When it comes to getting a look of your youth, people need to look no further than your face.
Researchers at the University of Edinburgh have learned that one from about one's childhood can find by looking at the symmetry of a person's face, the UK's the Telegraph reported.
"Symmetry in the face is considered a marker of what's called developmental stability-ability of the body to resist environmental stressors (stressors) and not be knocked the development path. We were wondering if face symmetry either the stressors faint in early life, that we may be particularly important record would, or the total accumulated effects of stressors through the life cycle, "said Professor Ian Deary of the University of Edinburgh Psychology Department of centre of cognitive aging.
One of the first findings was that people with disabilities were on had deprived childhoods asymmetric faces more likely than those with symmetrical faces.
"The results indicated that deprivation in early life that some impression on the face. The Association is not very strong, which means that other things also face symmetry also affect, "he added.
The Telegraph said the researchers found the symmetry of faces give early childhood experiences such as nutrition, illness, exposure to pollution and other signs of a hard upbringing.
These features are displayed, even if one is a rags-to-riches change, the study found.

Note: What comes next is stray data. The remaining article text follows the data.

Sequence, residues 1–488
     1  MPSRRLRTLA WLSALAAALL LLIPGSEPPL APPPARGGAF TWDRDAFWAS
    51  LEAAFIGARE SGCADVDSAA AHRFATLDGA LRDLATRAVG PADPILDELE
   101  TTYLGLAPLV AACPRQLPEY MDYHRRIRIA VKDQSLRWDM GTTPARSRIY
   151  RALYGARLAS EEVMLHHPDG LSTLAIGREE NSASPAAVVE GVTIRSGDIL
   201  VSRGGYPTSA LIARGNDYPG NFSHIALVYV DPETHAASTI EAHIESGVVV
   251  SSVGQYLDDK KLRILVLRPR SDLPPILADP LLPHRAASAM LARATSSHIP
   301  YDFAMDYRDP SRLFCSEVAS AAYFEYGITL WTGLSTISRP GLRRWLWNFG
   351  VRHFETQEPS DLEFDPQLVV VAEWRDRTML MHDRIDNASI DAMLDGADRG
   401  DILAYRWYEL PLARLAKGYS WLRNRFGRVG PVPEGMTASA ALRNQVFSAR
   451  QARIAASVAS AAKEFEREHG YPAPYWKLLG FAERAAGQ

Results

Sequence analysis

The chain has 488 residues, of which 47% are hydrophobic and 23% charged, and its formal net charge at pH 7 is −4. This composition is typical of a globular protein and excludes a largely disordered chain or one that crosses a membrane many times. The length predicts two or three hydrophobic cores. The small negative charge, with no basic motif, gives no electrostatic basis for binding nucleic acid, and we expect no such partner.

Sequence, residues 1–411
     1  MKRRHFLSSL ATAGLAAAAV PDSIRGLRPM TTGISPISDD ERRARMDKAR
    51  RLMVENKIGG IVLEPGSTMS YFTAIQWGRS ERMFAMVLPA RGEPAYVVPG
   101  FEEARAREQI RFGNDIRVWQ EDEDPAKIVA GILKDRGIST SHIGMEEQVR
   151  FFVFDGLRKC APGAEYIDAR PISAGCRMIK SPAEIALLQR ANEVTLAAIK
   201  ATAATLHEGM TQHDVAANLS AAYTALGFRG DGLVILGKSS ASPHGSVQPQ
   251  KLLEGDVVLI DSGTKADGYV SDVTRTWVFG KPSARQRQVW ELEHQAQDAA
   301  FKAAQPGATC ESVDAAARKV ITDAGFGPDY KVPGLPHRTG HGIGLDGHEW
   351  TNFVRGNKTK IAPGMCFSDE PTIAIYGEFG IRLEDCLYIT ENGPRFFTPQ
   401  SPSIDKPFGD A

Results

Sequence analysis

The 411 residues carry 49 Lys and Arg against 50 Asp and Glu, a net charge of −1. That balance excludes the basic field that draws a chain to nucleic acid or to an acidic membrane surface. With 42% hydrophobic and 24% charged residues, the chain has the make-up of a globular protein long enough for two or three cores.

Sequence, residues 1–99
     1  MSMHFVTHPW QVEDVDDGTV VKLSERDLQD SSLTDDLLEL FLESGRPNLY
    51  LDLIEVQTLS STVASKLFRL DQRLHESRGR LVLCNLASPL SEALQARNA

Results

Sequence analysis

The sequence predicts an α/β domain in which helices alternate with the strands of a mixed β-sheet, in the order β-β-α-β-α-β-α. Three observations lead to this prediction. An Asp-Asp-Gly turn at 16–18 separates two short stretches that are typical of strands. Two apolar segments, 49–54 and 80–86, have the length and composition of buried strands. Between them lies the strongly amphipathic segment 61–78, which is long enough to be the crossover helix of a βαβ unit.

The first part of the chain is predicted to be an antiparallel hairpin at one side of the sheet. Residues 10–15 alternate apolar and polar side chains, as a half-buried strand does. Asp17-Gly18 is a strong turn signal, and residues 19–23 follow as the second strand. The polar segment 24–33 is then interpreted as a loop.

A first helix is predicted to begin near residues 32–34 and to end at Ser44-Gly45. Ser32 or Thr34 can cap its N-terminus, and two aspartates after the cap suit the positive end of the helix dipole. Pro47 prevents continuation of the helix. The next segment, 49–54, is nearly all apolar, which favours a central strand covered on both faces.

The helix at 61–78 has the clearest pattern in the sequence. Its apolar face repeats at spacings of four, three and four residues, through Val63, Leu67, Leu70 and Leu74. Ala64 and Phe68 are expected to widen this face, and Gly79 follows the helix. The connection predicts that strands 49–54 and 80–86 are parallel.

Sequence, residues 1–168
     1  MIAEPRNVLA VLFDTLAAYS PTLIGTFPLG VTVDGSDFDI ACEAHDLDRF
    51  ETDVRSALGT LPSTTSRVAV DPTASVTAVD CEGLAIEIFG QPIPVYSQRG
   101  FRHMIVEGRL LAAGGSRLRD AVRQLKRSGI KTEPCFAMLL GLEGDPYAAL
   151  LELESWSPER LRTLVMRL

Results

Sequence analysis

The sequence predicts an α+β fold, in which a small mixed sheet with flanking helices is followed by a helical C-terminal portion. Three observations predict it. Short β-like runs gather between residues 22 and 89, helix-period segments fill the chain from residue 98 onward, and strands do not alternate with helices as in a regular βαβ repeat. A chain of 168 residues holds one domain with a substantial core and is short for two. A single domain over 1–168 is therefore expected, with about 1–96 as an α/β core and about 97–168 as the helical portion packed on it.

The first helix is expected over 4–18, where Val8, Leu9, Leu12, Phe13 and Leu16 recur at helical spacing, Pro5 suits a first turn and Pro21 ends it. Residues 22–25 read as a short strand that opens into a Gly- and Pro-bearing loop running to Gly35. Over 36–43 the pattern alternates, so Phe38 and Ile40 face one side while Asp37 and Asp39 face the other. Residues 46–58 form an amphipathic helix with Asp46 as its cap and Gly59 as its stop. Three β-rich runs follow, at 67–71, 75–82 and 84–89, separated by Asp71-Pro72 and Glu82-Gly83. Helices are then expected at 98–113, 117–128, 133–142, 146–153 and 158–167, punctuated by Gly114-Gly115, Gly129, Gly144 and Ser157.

In their study published in the journal economics and human biology, the scientists suggested facial symmetry can be used with other medical markers such as hypertension to identify people who might be at an increased risk of disease.
But expensive said there was still a lot of work before it can be used like this. "It is a measure based on research and quite tricky to figure out at this time," he said.
Deary and his colleagues examined the facial features of 292 83-year-old people who participated in the Lothian 1921 Birth Cohort. The study followed the participants through their lives.
The researchers compared the facial symmetry of the participants with details of their social status at the youth, including their "parents occupation, how crowded their house was and whether they had a indoor or outdoor toilet."
Also, they looked at 15 different facial features, including the positions of the eyes, nose, mouth and ears.
What they found was a "strong association between social class and the symmetry of the face in men", said The Telegraph.
But the results in women were not as clear.
"A small link of parental status face symmetry does not mean people are trapped by their circumstances. Far from it-as evidenced by the high levels of mobility in society, not only people like Gordon Ramsay, but to a lesser extent by millions of people, "said Professor Tim Bates, who co-authored the study
The associated press also said the link between facial symmetry and exposure to stress in early life may help to explain why many studies found that people with a symmetrical face attractive.
"Unbalanced facial features can be a signal that a person is less desirable as a degree due to the stress they experienced in early life that could them vulnerable to disease and early death unconscious," said it. — TJD, GMA News
Disclaimer: To make this site absolutely legal, MOST, if not all, of the videos that can be watched here are only embedded from other sites like megaupload.com, dailymotion.com, myspace.com, ouou.com, stage6.com, tudou.com, veoh.com, youku.com, y o u t u b e.com and others.. No videos are hosted in this site except for original videos uploaded by our own members. This site is not responsible for the accuracy, compliance, copyright, legality, decency, or any other aspect of the content of other linked sites. If you have any legal issues please contact appropriate media file owners / hosters.